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Taking the Shine Off Gold

McKenzie Ebbesen, CFP® - Wednesday, April 26, 2017

 

Talking gold with McKenzie Ebbesen, Denver Financial PlannerFor millennia, people have revered gold for its beauty and its value. All major civilizations have cherished it in some form and recognized its powerful appeal. In addition to its use as jewelry, gold has often served as a form of currency. In fact, some of the earliest gold coins can be traced to Croesus of Lydia around 560 BC.

These days, you’ll hear people talk about gold as an investment – a potential safe haven in an uncertain market. Greg Phelps explains in his Retirewire blog that investors buy gold for four major reasons:

  1. For performance, anticipating it will grow in value;
  2. As an inflation hedge;
  3. As a way to diversify their portfolios; and
  4. Out of fear that the dollar will collapse.

While gold has performed well in recent years, you’d be smart to look at its long-term performance compared to that of stocks and bonds. In fact, if you compare gold to the Dow Jones Industrial Average, you’ll see the difference. In 1929, for example, gold sold for $20.63 an ounce and the Dow closed at 248.48. Moving forward to 2015, gold closed at $1,061.00 and the Dow at 17,425.03. Over 86 years, gold increased by a factor of 51. In the same period, the Dow increased by a factor of 70. In both cases, most of the increase has come in the last six years or so.

During the most recent financial crisis, Treasury bonds, not gold, actually performed the best, and according to MarketWatch, gold has underperformed as a safe haven over time. In 2008, for example, the article states that gold fell as much as 30 percent as investors dumped their assets looking to raise cash.

Gold is one way to diversify a portfolio, but perhaps not the best way. As Phelps noted, gold doesn’t produce an economic return in the way that stocks and bonds can. With gold, Phelps says, “You can’t buy a Slurpee at 7/11 with it, and you can’t force it grow and expand like a business. It’s just a hunk of metal.”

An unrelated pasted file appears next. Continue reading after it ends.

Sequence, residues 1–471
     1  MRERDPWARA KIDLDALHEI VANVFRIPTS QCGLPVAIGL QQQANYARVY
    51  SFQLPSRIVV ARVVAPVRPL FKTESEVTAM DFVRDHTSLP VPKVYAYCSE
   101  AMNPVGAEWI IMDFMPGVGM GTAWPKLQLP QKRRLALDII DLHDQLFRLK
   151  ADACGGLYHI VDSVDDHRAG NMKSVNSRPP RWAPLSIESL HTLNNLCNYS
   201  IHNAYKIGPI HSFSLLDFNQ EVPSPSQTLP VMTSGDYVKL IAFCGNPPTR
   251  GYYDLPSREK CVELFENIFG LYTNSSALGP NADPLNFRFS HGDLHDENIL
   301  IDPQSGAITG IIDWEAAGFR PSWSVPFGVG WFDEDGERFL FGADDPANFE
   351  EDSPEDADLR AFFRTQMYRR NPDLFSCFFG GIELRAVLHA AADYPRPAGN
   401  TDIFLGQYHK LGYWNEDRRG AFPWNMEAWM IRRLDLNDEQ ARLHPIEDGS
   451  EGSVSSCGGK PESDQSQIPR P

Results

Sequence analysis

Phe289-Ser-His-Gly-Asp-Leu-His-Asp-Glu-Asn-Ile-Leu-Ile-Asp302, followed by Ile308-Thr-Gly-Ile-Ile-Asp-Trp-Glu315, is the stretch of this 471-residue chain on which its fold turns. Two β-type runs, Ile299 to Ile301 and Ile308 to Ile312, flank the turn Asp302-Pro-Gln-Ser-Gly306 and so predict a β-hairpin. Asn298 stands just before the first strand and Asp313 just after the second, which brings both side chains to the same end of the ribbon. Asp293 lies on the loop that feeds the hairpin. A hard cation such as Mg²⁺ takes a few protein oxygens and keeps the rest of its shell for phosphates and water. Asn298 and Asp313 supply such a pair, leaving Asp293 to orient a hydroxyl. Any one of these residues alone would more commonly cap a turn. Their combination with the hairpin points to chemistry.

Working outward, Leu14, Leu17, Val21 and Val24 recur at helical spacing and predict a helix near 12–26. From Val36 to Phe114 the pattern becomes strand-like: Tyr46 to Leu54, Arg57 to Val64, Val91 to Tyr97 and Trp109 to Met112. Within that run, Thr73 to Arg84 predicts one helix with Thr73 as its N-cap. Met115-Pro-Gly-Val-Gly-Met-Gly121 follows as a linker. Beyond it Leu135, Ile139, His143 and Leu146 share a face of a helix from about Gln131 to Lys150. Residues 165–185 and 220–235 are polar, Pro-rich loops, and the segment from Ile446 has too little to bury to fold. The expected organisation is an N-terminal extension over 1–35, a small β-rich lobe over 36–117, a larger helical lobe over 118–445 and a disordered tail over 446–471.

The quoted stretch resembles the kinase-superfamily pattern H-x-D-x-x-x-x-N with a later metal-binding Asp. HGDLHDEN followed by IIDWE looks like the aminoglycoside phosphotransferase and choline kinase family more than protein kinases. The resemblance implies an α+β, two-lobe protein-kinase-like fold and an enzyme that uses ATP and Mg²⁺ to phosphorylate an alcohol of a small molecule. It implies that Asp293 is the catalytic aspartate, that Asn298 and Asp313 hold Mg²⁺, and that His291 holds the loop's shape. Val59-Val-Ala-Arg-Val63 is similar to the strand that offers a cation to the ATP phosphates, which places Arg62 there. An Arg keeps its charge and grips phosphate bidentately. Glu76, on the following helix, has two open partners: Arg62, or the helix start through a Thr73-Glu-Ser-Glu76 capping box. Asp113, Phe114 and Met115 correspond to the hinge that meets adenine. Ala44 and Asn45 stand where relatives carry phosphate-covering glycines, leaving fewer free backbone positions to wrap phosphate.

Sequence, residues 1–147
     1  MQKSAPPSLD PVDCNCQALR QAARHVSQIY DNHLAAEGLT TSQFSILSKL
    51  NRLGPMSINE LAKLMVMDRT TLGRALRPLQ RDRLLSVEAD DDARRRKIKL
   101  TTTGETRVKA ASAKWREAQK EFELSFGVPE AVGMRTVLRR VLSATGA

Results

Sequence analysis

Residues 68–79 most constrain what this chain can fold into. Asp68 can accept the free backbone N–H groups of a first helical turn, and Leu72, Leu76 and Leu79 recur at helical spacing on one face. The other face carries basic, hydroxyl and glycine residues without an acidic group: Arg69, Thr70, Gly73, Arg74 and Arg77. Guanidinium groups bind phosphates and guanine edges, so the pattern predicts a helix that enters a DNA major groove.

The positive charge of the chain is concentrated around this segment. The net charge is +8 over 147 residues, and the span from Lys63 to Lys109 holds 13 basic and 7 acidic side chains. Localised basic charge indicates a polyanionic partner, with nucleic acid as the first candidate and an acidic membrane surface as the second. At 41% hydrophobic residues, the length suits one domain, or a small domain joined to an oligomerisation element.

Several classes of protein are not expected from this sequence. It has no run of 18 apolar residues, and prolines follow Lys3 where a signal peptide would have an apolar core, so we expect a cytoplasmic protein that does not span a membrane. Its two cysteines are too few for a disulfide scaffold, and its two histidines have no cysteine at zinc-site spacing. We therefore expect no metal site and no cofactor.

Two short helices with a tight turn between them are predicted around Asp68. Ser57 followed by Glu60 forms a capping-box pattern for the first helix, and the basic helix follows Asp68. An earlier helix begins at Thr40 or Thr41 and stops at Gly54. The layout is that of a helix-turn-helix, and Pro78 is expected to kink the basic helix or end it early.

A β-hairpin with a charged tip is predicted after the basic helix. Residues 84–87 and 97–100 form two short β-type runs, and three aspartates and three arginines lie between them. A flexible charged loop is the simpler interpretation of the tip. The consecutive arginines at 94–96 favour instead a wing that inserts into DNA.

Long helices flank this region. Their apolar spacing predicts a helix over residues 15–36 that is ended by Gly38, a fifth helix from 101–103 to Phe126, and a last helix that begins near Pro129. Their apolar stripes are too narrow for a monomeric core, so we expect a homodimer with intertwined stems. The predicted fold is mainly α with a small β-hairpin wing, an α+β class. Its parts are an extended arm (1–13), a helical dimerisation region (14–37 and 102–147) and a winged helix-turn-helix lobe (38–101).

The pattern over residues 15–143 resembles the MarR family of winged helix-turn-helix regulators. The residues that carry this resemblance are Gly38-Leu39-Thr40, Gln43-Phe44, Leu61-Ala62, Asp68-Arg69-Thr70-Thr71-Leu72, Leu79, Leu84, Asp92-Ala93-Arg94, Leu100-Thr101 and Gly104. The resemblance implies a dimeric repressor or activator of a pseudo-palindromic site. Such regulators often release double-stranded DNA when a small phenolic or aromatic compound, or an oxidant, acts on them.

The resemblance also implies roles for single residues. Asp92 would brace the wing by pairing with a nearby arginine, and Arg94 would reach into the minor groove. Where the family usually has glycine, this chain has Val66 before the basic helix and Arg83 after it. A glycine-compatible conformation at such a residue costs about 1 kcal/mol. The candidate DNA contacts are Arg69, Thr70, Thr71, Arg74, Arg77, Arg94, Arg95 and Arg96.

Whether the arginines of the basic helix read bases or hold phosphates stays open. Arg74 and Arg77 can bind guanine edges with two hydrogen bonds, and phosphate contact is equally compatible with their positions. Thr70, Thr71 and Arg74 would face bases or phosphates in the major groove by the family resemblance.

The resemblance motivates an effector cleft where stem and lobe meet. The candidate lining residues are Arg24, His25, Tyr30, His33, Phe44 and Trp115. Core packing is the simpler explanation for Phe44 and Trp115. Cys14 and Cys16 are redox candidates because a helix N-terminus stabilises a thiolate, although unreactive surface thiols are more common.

A 2016 article by US News found that well-known investor Warren Buffett has similar feelings about gold as an investment. Quoting the article: “Gold investors, [Buffett] says, are ‘right to be afraid of paper money. Their basic premise that paper money around the world is going to be worth less and less over time is absolutely correct. They have the correct basic premise. They should run from paper money. But where they run to is the mistake.” For Buffett, gold’s glitter isn’t enough to lure him away from a historically better performer: the stock market.

Are you thinking of investing in gold? Consider talking with us first. At M.J. Smith & Associates, we prefer to take a holistic view of your finances, and work with our clients to help design a portfolio that suits their long-term goals and objectives. Further, we’re committed to placing our clients’ interests first, something you won’t find from a gold seller. Contact us for a complimentary, no obligation consultation today. As always, it’s our privilege to serve you.

 

 

 

Opinions expressed are those of McKenzie Ebbesen and are not necessarily those of RJFS or Raymond James. This information has been obtained from sources considered to be reliable, but we do not guarantee that the foregoing material is accurate or complete. This information is not a complete summary or statement of all available data necessary for making an investment decision and does not constitute a recommendation. Investing involves risk, investor may incur a profit or loss regardless of the strategy or strategies employed. Diversification does not ensure a profit or guarantee against loss. The Dow Jones Industrial Average (DJIA), commonly known as “The Dow” is an index used to measure the daily stock price movements of 30 large, publicly owned U.S. companies. Please note direct investment in an index is not possible. Gold is subject to the special risks associated with investing in precious metals, including but not limited to: prices being subject to wide fluctuation; the market being relatively limited; the sources being concentrated in countries that have the potential for instability; and the market being unregulated. Links are being provided for information purposes only. Raymond James is not affiliated with and does not endorse, authorize or sponsor any of the listed websites or their respective sponsors. Raymond James is not responsible for the content of any website or the collection or use of information regarding any website's users and/or members.

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